Corporal, my sister has brought me now files or saws. Can I really
kiss you now?
SCARLETT: On the forehead like a good brother.
RHETT: No thanks, I'll wait and hope for better things.
SCARLETT: Oh, Rhett, I was so distressed when I heard you were
in jail. I simply couldn't sleep for thinking. It's not true they're going
to hang you.
RHETT: Would you be sorry?
SCARLETT: Oh, Rhett...
RHETT: Well, don't worry. Yeah, The Yankees have
trumped up some charge against me but what they're
really after is my money. They seem to think I made off
with a Confederate treasury.
SCARLETT: Well, did you?
RHETT: What a leading question. Let's not talk about
"sordid things like money. How good of you to come and
see me. And how pretty you look.
SCARLETT: Oh, Rhett, how you do run on teasing a
country girl like me.
RHETT: Thank Heaven's you're not in rags, I'm tired of
seeing women in rags. Turn around. You look good enough
to eat. Prosperous, too.
SCARLETT: Thank you, I've been doing very well.
Everybody's doing well at Tara, only, I got so bored, I just
thought I'd treat myself with to visit to town.
RHETT: You're a heartless creature but that's part of your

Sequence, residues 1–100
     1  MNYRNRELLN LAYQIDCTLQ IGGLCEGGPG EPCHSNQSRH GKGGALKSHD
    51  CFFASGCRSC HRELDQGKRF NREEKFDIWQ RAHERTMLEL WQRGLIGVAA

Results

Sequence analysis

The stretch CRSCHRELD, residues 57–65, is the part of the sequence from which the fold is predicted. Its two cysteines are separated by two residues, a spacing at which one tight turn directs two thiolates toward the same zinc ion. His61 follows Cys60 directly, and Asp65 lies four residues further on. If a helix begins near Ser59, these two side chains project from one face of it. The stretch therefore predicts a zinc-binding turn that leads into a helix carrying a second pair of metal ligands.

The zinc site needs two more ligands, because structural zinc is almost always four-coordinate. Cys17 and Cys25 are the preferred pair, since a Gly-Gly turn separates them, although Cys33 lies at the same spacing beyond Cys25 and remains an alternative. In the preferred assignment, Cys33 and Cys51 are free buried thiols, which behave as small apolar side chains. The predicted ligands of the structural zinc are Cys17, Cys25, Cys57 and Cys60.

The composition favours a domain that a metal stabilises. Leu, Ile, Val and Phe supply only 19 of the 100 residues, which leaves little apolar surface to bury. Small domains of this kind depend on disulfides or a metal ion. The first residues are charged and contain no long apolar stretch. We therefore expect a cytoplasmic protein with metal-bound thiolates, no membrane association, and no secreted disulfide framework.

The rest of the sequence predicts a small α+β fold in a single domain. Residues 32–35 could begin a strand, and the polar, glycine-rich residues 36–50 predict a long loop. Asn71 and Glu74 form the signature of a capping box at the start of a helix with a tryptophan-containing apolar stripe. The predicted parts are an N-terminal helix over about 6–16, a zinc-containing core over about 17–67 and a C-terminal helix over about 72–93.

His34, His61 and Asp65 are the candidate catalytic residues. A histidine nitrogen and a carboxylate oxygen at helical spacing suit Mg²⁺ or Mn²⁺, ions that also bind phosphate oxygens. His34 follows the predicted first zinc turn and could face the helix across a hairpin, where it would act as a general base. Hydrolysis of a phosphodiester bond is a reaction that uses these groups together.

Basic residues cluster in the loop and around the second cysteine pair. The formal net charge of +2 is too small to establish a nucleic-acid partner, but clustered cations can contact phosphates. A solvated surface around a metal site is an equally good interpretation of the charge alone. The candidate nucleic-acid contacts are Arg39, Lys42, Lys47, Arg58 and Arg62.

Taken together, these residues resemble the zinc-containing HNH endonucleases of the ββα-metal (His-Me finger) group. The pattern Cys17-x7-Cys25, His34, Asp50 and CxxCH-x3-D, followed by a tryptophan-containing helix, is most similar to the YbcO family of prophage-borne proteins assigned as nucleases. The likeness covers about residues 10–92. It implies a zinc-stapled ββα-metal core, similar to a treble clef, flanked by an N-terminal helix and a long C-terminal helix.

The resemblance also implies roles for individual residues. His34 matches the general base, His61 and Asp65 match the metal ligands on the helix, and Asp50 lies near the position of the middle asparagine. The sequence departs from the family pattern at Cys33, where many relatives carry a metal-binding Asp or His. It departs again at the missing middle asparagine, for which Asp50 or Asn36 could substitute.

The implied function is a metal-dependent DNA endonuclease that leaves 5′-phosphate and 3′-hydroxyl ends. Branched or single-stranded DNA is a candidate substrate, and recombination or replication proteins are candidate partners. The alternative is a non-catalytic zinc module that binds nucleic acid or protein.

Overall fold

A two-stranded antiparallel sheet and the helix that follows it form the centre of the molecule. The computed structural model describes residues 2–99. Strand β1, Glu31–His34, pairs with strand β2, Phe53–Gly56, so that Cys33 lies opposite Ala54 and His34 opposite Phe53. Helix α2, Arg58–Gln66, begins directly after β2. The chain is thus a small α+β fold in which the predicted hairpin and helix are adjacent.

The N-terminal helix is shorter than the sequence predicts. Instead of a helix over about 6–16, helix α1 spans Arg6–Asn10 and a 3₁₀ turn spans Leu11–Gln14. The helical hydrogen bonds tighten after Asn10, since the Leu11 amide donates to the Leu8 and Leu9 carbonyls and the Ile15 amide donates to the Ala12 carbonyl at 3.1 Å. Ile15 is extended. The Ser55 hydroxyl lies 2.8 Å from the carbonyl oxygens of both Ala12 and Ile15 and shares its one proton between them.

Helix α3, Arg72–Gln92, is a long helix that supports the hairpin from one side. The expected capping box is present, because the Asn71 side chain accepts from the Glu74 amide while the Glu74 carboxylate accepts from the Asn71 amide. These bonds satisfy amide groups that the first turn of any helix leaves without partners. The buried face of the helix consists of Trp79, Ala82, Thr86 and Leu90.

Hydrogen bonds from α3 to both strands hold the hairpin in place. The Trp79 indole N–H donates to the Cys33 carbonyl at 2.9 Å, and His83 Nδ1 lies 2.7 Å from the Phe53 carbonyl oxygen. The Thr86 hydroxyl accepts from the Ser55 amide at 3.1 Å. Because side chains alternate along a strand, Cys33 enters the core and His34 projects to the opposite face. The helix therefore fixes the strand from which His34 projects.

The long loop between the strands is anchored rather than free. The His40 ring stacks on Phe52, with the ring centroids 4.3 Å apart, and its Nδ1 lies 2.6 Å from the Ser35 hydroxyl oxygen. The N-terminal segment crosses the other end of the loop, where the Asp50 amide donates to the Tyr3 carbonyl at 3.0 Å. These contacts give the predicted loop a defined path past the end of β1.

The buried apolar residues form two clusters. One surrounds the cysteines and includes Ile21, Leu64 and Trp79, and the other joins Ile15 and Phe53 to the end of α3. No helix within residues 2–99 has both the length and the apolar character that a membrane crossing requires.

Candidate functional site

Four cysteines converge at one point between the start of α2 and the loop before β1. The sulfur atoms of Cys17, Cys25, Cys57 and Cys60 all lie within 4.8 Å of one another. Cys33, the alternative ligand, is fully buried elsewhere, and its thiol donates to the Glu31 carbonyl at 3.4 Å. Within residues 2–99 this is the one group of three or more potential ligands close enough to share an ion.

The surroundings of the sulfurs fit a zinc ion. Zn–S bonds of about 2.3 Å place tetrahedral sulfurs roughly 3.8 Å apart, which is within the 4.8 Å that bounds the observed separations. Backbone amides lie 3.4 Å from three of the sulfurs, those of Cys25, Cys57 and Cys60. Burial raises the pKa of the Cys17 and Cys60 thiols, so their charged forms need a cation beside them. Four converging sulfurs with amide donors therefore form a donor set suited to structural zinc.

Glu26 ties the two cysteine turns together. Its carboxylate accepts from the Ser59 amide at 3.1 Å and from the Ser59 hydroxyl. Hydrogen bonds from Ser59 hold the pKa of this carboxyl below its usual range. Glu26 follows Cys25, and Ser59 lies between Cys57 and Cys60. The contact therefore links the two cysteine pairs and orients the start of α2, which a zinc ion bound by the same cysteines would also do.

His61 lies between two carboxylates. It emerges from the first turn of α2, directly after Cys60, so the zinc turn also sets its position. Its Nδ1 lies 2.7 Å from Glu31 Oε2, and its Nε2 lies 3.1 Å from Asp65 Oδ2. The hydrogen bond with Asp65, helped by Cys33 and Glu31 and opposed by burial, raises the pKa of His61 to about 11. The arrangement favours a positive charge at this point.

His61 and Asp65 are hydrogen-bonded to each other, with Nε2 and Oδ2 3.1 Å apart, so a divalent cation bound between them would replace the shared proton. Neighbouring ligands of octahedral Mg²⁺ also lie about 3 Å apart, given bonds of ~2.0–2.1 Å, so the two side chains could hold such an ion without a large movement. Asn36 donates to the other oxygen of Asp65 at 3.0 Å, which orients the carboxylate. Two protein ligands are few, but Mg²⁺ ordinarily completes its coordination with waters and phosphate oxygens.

charm. Though you've got more charm than the law
SCARLETT: Now I did come here to talk senseless about
me, Rhett. I came because I was so miserable at the
thought of you in trouble. Oh, I know I was mad at you
the night you left me on the road to Tara, and I still haven't
RHETT: Oh, Scarlett, don't say that.
SCARLETT: Well, I must admit I might not be alive now. Only for
you. And when I think of myself with anything I could possibly hope
for, and not a care in the world, and you where here in this horrid jail.
And not even a human jail, Rhett, a horse jail. But listen to me, try to
make jokes when, when I really want to cry. And in a minute I shall
RHETT: Scarlett, can it be possible that...
SCARLETT: Can what be possible, Rhett?
RHETT: That you've grown a woman's heart? A real woman's heart.